WATERTOWN, MA – In a major setback for genocide denial, U.S. District Court Judge Mark Wolf today dismissed a case initiated at the prompting of the Assembly of Turkish American Associations (ATAA) that would have compelled the inclusion of historically inaccurate Armenian Genocide denial materials in the Massachusetts education curriculum, reported the Armenian National Committee of Massachusetts (ANC of MA).
“Today’s judgment sends a clear message that the federal court system cannot be abused by genocide deniers to spread their lies across America’s classroom,” said ANC of MA Chairperson Shari Ardhaldjian. “We welcome this decision and the powerful precedent its sets for the future of genocide education here in the Commonwealth of Massachusetts and throughout the nation.”
The ATAA, according to media accounts, solicited the assistance of two local teachers, a student, and his parents to file the case against the state of Massachusetts in 2005. In February of 2006, the Armenian National Committee joined the Armenian Bar Association, Irish Immigration Society, Jewish Alliance for Law and Social Action, and the NAACP in filing an amicus brief in support of the Massachusetts Commonwealth’s calls to dismiss the case. The brief was filed and presented by attorney Gabrielle R. Wolohojian then of Wilmer, Cutler, Hale and Dorr LLP, who championed the case pro-bono. The Armenian Assembly of America also filed an amicus brief.
In his opinion, Chief Judge Wolf dismissed the case stating that the plaintiffs are “are not entitled to relief in federal court.” The dismissal at this early stage of the proceedings is viewed in legal circles as meaning the cased lacked even minimal merit.
This case is part of a larger strategy by Turkish American groups to use the legal system to harass human rights advocates on issues relating to the Armenian Genocide. The most recent instance is the lawsuit filed against the Southern Poverty Law Center for articles detailing Turkish government efforts to manipulate U.S. academia to deny that crime against humanity.
The Massachusetts Genocide teaching guide was mandated to include the Armenian Genocide, following the August, 1998, unanimous passage of House Bill 3629, “An Act Relative to the Instruction of the Great Hunger Period in Ireland, the Armenian Genocide and the Holocaust.” ANC chapters throughout Massachusetts had worked with bill authors, State Senator Steve Tolman and House Member Warren Tolman in support of the measure, which stated that, “The Board of Education shall formulate recommendations on curricular materials on genocide and human rights issues, and guidelines for the teaching of such material.” The law specifically calls for the teaching of “the period of the transatlantic slave trade and the middle passage, the great hunger period in Ireland, the Armenian Genocide, the Holocaust and the Mussolini fascist regime and other recognized human rights violations and genocides.”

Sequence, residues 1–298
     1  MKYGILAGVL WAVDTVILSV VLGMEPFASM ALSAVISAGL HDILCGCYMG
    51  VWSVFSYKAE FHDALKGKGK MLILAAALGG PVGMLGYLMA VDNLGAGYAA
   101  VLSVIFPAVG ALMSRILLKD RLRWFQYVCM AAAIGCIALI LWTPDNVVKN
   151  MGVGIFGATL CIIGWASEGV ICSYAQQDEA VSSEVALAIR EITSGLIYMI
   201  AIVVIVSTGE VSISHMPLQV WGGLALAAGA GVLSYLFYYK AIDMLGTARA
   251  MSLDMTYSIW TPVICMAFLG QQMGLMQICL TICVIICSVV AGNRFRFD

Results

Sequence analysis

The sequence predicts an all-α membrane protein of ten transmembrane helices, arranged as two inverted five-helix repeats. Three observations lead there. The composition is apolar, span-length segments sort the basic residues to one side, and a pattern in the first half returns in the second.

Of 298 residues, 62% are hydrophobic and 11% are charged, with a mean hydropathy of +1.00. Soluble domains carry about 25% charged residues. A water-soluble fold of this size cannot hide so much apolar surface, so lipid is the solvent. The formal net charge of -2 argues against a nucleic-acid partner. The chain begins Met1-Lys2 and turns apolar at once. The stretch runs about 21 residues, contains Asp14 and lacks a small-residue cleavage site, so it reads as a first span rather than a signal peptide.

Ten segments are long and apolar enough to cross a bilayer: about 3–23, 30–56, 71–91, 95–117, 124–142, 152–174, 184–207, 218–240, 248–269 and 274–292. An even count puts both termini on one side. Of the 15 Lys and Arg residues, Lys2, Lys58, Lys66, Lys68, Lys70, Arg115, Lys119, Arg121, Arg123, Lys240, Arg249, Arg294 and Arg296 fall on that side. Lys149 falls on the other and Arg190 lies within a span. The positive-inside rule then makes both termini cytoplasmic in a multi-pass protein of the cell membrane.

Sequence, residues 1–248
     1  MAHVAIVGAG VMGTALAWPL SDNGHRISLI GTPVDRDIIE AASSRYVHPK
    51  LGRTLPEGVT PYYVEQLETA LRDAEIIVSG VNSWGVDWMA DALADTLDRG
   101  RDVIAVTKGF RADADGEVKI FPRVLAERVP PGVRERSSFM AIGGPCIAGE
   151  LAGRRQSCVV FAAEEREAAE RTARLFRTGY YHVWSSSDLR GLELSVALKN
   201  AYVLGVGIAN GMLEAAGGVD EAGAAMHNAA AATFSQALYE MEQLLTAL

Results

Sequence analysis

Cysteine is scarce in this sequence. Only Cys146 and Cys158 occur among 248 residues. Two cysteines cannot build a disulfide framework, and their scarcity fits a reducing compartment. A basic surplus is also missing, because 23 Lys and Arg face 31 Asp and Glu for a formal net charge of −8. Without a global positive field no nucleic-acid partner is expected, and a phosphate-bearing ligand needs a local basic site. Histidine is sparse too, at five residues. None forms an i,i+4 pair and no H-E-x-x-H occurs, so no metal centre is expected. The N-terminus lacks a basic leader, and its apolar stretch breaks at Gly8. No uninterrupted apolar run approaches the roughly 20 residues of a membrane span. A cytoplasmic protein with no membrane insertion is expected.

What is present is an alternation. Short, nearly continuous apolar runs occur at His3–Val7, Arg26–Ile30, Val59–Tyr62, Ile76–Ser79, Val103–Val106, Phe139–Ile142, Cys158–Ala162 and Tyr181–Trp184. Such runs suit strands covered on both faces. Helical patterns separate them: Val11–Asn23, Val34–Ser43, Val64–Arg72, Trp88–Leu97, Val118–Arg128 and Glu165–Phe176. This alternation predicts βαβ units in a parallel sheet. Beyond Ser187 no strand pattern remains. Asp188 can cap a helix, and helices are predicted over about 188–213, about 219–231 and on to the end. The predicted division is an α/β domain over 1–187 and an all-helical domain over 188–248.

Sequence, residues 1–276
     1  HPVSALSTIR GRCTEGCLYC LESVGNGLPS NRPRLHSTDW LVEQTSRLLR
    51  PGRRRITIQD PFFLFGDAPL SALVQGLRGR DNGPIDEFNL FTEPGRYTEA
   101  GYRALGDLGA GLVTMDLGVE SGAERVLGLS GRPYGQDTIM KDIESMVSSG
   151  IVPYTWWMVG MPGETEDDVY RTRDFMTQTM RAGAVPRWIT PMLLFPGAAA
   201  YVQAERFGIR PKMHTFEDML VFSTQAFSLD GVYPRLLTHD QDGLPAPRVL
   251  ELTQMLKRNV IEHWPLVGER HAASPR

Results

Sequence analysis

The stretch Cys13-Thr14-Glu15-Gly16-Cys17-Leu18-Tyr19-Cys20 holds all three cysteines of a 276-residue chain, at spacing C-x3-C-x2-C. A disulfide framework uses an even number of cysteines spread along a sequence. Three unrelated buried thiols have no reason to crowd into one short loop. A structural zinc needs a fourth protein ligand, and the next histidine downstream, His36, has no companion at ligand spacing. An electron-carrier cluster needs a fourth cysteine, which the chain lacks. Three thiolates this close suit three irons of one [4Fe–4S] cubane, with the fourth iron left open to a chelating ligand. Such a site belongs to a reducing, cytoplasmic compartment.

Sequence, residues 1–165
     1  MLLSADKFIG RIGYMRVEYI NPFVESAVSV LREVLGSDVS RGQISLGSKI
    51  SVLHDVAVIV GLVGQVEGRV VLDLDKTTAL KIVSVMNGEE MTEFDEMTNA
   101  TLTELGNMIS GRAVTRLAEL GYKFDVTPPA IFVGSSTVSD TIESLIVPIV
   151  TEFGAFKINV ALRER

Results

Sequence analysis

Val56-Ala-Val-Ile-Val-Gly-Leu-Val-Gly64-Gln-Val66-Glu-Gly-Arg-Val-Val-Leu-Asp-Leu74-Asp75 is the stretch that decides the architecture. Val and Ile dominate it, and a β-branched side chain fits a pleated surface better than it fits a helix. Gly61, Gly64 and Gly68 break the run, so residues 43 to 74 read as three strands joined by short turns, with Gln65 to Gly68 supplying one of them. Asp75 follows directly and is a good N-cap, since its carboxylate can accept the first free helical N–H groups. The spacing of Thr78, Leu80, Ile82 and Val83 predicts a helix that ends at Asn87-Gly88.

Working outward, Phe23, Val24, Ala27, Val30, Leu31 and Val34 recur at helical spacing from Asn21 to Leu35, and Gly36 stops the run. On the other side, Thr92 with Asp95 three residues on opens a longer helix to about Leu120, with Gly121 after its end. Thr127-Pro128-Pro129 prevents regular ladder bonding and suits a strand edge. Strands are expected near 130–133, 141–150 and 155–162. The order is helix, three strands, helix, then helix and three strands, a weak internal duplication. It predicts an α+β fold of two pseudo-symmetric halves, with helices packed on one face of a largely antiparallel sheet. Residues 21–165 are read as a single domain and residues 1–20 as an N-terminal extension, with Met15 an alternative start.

The ANC of MA continued to work with the Massachusetts Board of Education, providing information on peer-reviewed, teacher tested resources for inclusion in the teaching guide. In June of 1999, the ANC of MA protested the proposed inclusion of denial propaganda in the teaching guide that lobby groups, among them the ATAA, had pressured the Board of Education to add in its second version of the guide. In a letter to Massachusetts Governor Paul Cellucci, the chairmen of the state’s four ANC chapters argued that inclusion of such websites “is directly counter to the intent of the law.” The letter went on to note that, “careless intermingling of genocide denial with the documentary sources it aims to obscure, will only serve to confuse students and undermine academic integrity.”
In August of 1999, in a letter to the ATAA, made public as part of the lawsuit, the Board of Education argued that “since the legislative intent of the statute was to address the Armenian Genocide, and not to debate whether or not this occurred, the Board and Department of Education cannot knowingly include resources that call this into question.” By October of 1999, the denial material was removed from the teacher’s guide.
In 2002, the ANC of MA again took action regarding the genocide curriculum, when a revised version which was up for review in May, against a proposal to remove the Armenian Genocide from the curriculum and replace it with a euphemistic and evasive reference to Armenian “slaughter.” Community leaders again worked with Department of Education Commissioner David Driscoll to ensure that the proper terminology was maintained.